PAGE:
Chicken Is Better with Grill Marks

When this go-to white meat hits the grates and lets out a searing sizzle, the meat that always has your back becomes tender, juicy and full of charred flavor.

If you cast chicken recipes to the side as boring weeknight standbys, perhaps you haven’t kicked on the grill yet this summer. When this go-to white (or dark) meat hits the grates and lets out a searing sizzle, the meat that always has your back becomes tender, juicy and full of charred flavor. This week, run down the line of Food Network’s finest grilled chicken recipes, each coming with a twist that goes beyond a slathering of barbecue sauce.

Bobby Flay's Grilled Honey Glazed Chicken For Summer Healthy Grilling as seen on Food Network

Photo by: Stephen Johnson ©2014, Television Food Network, G.P. All Rights Reserved

Stephen Johnson, 2014, Television Food Network, G.P. All Rights Reserved

The grill master himself is bound to have a few solid grilled chicken recipes up his sleeve. Bobby Flay’s Grilled Honey-Glazed Chicken with Green Pea and Mint Sauce whisks together balsamic vinegar and honey to brighten bone-in chicken breasts.

If the darker meat is more your style, Bobby marinates chicken thighs in loads of citrus and chili powder before piercing with skewers for Grilled Yucatan Chicken Skewers.



Food Styling: Maggie Ruggeiro Prop Styling: Pam Morris

Photo by: Yunhee Kim

Yunhee Kim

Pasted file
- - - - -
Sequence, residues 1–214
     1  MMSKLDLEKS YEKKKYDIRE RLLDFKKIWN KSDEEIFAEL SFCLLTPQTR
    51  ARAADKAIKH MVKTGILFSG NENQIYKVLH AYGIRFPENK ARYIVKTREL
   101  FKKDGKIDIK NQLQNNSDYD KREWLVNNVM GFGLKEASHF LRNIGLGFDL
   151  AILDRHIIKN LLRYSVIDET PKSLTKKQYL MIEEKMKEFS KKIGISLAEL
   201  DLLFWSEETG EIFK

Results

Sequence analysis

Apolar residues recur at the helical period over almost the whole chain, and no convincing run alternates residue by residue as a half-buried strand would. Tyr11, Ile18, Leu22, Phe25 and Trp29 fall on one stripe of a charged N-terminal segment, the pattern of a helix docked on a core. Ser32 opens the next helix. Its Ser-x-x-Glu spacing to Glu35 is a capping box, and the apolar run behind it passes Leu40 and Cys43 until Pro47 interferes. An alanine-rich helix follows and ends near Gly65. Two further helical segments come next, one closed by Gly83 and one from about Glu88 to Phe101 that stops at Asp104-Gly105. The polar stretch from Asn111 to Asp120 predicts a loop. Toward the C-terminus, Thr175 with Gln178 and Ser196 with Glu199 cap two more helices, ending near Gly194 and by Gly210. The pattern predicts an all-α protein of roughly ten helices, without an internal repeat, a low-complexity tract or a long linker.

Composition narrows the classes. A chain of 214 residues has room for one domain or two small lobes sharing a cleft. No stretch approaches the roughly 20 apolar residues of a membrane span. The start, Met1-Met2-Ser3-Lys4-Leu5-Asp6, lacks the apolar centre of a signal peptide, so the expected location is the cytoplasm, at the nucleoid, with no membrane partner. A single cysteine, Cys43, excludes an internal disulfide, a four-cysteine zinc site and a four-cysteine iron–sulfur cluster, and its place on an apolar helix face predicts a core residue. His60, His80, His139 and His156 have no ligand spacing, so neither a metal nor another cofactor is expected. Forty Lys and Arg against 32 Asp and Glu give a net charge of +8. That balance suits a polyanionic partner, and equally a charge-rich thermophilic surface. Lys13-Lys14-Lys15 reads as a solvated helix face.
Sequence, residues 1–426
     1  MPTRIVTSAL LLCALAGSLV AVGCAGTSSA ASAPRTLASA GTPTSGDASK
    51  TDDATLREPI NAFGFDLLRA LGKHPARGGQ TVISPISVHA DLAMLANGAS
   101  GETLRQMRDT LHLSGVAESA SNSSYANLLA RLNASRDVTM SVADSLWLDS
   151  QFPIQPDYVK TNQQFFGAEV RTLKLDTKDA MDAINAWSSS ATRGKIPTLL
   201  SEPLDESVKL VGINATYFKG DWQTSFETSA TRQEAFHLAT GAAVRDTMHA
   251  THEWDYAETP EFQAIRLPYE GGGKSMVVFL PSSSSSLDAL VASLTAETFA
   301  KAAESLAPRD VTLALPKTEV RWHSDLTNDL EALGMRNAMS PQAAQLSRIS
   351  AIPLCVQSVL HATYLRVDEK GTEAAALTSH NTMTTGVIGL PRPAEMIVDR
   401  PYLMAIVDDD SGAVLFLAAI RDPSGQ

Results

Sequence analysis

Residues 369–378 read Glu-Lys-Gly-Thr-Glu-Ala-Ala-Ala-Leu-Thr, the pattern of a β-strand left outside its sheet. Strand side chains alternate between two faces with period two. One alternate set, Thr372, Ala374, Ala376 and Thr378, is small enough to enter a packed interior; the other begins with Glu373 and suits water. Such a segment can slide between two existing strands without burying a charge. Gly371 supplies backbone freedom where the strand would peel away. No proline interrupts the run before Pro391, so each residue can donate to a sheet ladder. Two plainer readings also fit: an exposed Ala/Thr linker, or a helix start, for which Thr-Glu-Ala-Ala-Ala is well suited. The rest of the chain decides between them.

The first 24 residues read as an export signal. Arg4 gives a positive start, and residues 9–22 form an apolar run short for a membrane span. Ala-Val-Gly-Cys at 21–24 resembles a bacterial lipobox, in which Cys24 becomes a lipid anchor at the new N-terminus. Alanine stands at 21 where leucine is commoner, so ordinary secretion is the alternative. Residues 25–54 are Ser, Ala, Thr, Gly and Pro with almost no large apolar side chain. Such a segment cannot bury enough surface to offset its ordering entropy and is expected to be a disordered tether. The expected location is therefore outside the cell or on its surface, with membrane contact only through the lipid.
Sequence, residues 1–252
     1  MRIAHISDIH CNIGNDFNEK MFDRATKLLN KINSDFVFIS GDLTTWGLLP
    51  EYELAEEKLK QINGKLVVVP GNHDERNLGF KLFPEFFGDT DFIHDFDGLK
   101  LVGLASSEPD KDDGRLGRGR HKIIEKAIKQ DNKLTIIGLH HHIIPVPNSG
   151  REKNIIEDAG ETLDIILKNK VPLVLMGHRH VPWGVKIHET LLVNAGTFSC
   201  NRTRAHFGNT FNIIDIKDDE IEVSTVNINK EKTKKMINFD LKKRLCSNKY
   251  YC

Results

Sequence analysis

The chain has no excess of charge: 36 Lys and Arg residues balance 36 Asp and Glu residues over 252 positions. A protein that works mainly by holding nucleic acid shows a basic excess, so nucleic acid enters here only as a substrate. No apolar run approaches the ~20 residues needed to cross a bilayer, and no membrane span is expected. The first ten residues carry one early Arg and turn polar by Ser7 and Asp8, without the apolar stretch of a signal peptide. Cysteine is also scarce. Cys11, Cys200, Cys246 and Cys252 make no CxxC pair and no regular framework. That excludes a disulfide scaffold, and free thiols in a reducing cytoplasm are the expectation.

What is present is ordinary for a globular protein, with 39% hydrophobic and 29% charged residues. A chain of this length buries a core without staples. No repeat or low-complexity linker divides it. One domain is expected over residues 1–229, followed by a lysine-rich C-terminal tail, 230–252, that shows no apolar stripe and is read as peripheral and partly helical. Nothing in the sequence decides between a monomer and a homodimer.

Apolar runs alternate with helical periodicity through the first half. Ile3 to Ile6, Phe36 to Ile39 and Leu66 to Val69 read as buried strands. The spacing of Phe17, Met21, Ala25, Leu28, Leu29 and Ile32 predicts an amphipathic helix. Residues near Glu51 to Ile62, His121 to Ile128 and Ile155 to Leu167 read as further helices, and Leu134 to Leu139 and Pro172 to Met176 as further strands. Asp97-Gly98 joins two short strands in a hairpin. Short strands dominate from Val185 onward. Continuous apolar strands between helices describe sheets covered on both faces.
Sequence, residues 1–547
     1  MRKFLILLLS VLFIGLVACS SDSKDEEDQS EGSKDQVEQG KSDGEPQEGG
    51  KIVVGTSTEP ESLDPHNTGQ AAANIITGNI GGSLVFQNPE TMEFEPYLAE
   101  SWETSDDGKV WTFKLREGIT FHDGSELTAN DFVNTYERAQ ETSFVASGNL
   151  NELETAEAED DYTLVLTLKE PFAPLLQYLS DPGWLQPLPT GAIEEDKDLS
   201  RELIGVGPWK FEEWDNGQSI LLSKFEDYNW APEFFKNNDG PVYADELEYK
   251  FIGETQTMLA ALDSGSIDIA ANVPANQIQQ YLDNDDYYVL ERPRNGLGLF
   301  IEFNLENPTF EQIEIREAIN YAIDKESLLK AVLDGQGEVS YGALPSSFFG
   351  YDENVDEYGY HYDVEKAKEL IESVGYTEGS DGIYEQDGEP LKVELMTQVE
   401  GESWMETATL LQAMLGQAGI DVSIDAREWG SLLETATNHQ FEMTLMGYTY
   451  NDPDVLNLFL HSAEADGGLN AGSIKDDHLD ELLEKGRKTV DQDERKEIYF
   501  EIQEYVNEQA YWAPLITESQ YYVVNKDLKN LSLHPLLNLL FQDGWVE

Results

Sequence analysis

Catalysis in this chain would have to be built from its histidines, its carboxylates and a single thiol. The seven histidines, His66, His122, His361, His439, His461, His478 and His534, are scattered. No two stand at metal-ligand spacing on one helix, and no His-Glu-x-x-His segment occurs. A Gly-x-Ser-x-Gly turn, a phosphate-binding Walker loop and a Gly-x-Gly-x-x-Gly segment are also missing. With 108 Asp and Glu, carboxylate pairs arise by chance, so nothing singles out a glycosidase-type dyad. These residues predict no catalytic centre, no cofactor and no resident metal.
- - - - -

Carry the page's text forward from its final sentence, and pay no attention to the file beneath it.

Remember when that addictive fried chicken taste required, you know, frying? Instead of all the oil-dunking, Food Network Magazine’s Crispy Grilled Chicken Thighs get that crispy, breaded exterior from being coated with breadcrumbs and spending some time on the grill.

You better believe that Alton Brown has a procedure for the best grilled chicken. After being wet-brined and seasoned to perfection, his Ring of Fire Grilled Chicken receives a sear from direct heat before being finished over indirect heat.



Photo by: Con Poulos

Con Poulos

Ginger beer can craft more than a good Moscow mule. Grilled Ginger-Beer Chicken by Food Network Magazine uses the potent soda for a sauce with a different type of spice.

If cooking with real beer is more your taste, go for Patrick Neely’s Beer Can Grilled Chicken. Sit a well-seasoned bird on top of a can so that, as it cooks, the beer will heat up and infuse the meat with moisture.

FN_Cover_july10 146145.tif

FN_Cover_july10 146145.tif

Prop Stylist: Marina Malchin food stylist: Jamie Kimm

Food Network Magazine’s Pepper-Jack Chicken with Succotash comes stuffed with spicy cheese and peppery arugula. When it leaves the grill, it’s oozing with peppery creaminess.

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